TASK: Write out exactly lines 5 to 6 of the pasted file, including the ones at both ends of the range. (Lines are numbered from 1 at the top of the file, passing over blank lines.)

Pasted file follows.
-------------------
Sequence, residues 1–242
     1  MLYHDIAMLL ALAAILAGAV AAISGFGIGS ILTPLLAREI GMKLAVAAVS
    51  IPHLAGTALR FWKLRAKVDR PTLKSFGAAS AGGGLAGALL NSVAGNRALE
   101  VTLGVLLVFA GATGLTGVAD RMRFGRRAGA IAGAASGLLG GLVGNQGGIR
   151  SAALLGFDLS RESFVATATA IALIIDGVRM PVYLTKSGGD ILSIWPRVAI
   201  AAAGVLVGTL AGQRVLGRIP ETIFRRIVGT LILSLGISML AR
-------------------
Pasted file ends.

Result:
   151  SAALLGFDLS RESFVATATA IALIIDGVRM PVYLTKSGGD ILSIWPRVAI
   201  AAAGVLVGTL AGQRVLGRIP ETIFRRIVGT LILSLGISML AR